You are not supposed to break into a Mosque from a second story window – especially not in Iran. I scamper across the hand-woven carpets, soft beneath my dust covered bare feet, which disguise the concrete just beneath. Glimpses of the blue patterned walls are caught in my periphery as I run by. It looked as if I was encased in an eighteen century snuff box, with Arabic scriptures lining the trims. Even on the run, one can appreciate the beauty and curiosity of the world. Alas, no matter the number of murals built of mirrors and lavish curtains strung from the ceiling, there was no safe heaven to be found in the house of God (or Allah as the case may be). I was found out.
It is a strange thing to be scolded in a foreign language. It’s hard to understand because your brain is doing summersaults to get from input to output without messing up the ones and zeros in between.
I didn’t understand the significance of the dark colored, nearly abandoned building that was adjacent to my grandparents’ house in Babolsar. Back home, a church can be a child’s daycare and can blast rock-n-roll. Here there was a whole other, more defined, set of formalities. Those first couple of weeks in Iran I got in more trouble than Dennis the Menace. I was not supposed to take the hijab off outside ever; even if no one was around and I was in the middle of a very important soccer match. I was never supposed to roll up my sleeves; never mind that it’s over one hundred degrees outside. They were mostly small idiosyncrasies that I overstepped, which made it seem as if I was a lion who escaped the New York City Zoo. I was fully conscious of where I was but very unsure of how everything worked. Meanwhile, everyone around me was slightly weary in case I caused a scene.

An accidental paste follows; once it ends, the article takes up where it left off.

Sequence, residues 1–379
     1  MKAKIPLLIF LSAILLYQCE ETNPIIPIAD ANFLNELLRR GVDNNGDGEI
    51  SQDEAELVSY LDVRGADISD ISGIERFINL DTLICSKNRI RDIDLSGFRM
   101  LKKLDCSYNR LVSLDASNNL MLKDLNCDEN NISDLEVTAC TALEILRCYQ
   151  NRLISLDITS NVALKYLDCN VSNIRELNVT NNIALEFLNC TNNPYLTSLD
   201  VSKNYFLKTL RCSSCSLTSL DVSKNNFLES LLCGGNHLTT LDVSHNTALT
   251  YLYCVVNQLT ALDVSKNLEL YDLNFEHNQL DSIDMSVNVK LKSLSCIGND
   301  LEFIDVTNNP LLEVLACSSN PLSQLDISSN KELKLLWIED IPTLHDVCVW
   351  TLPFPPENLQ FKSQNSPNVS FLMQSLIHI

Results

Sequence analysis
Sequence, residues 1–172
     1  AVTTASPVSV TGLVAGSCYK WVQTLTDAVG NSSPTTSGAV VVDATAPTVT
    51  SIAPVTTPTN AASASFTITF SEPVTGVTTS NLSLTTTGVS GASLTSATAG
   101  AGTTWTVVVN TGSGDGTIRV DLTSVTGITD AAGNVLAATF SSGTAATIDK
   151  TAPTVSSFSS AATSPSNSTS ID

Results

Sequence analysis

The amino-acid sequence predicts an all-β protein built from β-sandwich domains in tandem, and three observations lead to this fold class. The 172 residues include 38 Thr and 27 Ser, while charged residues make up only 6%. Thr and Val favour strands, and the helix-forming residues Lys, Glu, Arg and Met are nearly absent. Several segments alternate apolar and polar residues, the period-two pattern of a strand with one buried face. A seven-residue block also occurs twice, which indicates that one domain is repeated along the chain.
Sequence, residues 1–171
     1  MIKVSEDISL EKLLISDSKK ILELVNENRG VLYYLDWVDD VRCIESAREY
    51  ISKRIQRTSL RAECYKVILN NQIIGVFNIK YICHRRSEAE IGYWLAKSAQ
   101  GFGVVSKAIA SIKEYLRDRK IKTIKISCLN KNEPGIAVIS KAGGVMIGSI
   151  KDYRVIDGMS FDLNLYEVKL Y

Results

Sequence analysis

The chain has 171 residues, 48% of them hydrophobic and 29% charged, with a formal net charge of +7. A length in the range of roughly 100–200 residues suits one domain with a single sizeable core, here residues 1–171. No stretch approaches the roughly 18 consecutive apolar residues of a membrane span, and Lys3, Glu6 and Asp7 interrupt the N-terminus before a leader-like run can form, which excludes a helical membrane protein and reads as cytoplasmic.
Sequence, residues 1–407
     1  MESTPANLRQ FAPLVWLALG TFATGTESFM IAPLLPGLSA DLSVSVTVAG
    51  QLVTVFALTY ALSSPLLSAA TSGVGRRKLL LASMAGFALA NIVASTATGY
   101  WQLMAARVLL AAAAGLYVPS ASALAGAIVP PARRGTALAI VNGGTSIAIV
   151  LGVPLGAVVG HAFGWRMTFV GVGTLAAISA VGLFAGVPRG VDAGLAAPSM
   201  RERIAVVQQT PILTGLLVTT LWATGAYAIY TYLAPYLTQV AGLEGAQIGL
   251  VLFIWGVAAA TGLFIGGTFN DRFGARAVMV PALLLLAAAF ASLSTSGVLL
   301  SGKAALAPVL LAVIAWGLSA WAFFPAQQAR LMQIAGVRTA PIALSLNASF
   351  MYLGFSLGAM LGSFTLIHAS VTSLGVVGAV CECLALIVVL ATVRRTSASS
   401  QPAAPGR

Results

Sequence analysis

Unlike an animal however, I never fought against my circumstances. I learned from them. I was immensely interested in learning the culture. To connect with my loved ones I made it an objective to become part of their culture. Why the women decorated their eyes in lavish colors, but dressed plainly or how to drink tea with a sugar cube. Every morning I walk to the bakery and bought Nänn, the bread cooked on hot stones.
Three months passed. The desert night is warm by the Caspian Sea. A perfume of Belle de la Nuit, hangs over the night air as over one hundred Persian men and women dance, hands raised toward the sky like fire. The thousands of bangles on the women’s’ arms play like a tambourine to the minor key as they twist their wrist and jump to the offbeat. It is the end of the summer, and the time for weddings. Here the women let their hair loose and wear dresses in celebration. I join. I fumble but not for long. I began in Iran as an outsider – doomed to trample across the delicate balance of culture – and became a Persian over the course of my stay. In Persia the women wear bangles of gold and the people dance with their hands instead of their hips. Being thrown into a culture, however, taught me to walk with it, and I see more than one perspective, to be part of more than one society. I carry Persia with me. Whether my dust-covered feet hit the ground in a dance, or walk up the steps to school – bangles playing as I sway my arms.
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